Rt Hon Justine Greening MP
Secretary of State
Department of International Development
26 April 2016
Tackling corruption overseas
As you will be aware, the International Development Committee is currently undertaking an inquiry into the approach of DFID, and the wider UK Government, to Tackling corruption overseas. We have received 28 submissions of written evidence and held an initial oral evidence session on Tuesday 22 March. Committee members also met informally with Rt Hon Sir Eric Pickles MP, UK Anti-Corruption Champion, on 20 April to discuss the ambition for the Prime Minister’s Anti-Corruption Summit on 12 May.
The Committee had originally planned to produce a report in advance of the Summit. However, given the response we have received to the inquiry, and the increased public interest in the UK’s anti-corruption efforts following the release of the Panama Papers, we will be extending our timeframe and inviting evidence from a Minister after the Summit before concluding our inquiry. In advance of the Summit, the Committee was keen that I formally draw your attention to some of the key issues raised by the oral evidence, in order to inform the agenda.
The UK must get its own house in order
We heard from Alina Rocha Menocal, Senior Research Fellow at the University of Birmingham:
“Here the real imperative, especially for the UK but also other western countries, is to get their own house in order, and start with the understanding that this is an international, global problem that has global causes. If the UK is acting as a hub that enables organised crime then there is a need for self-reflection. Having that, rather than a paternalistic look at what other countries are doing, at this level is very important.”
Shauna Leven, Director of Anti-Corruption Campaigns at Global Witness, told us:
“For the UK to continue to show leadership on the anticorruption agenda by cleaning up our own house. That includes extending our own public registry of beneficial ownership information to the overseas territories, better due diligence on the Tier 1 (Investor) visas, and cleaning up the facilitators of corruption. We have not really spoken about that, but that would include ensuring that banks face meaningful consequences for laundering money and that lawyers and estate agents and accountancies are appropriately regulated.”
Aled Williams, Senior Adviser at the U4 Anti-Corruption Resource Centre stated:
“The most recent large initiatives that we have seen have been things like UN conventions, such as the UN Convention against Corruption, and EU-level conventions as well. I would agree that we have more or less the normative frameworks in place for understanding and promoting an anti-corruption approach. What is important is the enforcement aspect.”
We were told by Oliver Pearce, Policy Manager at Oxfam GB:
“Increased transparency through public country-by-country reporting, a commitment by all those attending the summit to implement it in their own countries, and alongside that public registries of beneficial ownerships, including action plans announced by the overseas territories. That would be great leadership and a great step forward for developing countries, and a precursor to a second generation of reforms of international tax systems.”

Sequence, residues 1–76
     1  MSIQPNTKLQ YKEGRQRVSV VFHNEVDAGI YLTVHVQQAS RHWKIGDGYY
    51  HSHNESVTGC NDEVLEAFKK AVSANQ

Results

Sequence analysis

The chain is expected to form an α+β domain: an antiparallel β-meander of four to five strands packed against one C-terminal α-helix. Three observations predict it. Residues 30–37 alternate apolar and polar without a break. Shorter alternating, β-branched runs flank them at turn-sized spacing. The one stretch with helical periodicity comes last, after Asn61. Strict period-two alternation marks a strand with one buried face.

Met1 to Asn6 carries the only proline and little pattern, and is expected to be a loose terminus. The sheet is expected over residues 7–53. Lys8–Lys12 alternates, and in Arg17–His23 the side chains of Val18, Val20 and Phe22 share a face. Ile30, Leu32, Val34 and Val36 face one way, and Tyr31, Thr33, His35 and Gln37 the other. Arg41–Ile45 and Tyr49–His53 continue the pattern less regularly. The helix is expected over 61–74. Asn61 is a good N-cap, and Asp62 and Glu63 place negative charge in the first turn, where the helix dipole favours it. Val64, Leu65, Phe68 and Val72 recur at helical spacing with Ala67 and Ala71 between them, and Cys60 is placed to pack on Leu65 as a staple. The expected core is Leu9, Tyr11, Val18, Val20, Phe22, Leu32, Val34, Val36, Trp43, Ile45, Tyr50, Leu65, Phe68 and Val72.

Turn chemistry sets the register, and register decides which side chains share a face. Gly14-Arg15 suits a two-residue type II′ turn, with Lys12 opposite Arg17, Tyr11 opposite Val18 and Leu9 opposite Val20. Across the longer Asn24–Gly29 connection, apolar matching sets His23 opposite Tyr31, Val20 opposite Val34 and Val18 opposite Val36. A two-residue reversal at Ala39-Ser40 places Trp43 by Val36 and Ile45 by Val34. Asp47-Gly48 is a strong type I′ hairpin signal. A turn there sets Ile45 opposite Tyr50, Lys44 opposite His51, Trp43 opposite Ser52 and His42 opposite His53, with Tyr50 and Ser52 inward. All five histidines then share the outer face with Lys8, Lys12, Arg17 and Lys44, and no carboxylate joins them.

Gareth O’Hagan, Head of Extractive Industries Governance Team at Adam Smith International said:
“I will go back to my point on this charter for probity: a commitment to develop a charter for probity that includes many of the elements that we have discussed today, such as the beneficial ownership register, strong public financial management systems and probably a long list of indicators that can demonstrate that a country is meeting a lot of the requirements to tackle corruption.”
Robert Barrington, Executive Director of Transparency International UK, concluded by reinforcing a number of these themes, telling us:
“First of all, do not let the criminals spoil things. Keep them out, or if they attend shut them up. The second thing is that the UK needs to get its house in order if it is going to have any credibility talking about these things. We have mentioned five things we think are the UK getting its house in order: proper funding of the Serious Fraud Office, a plan for how to deal with the overseas territories, two issues about the City and the role in global money-laundering, and finally—and I say this with great respect to the people here—acknowledging that there are corruption issues in UK politics, and those need to be addressed as well.”
The Committee will return to this topic in July and proposes to examine the outcomes of the Summit and the extent to which they align with the priorities highlighted by our witnesses, and to assess the contribution DFID, and the broader UK Government, are making to tackling corruption overseas.
I would like to use this opportunity to formally invite the Department to provide oral evidence to the Committee at that later stage.
Stephen Twigg MP
Chair of the Committee
Copied to: Rt Hon David Cameron MP
197 All evidence to the inquiry can be found on the ‘Tackling Corruption Overseas’ webpage:
202 Adam Smith International’s submission on ‘An International Charter for Probity’ is included as an annex
18 October 2016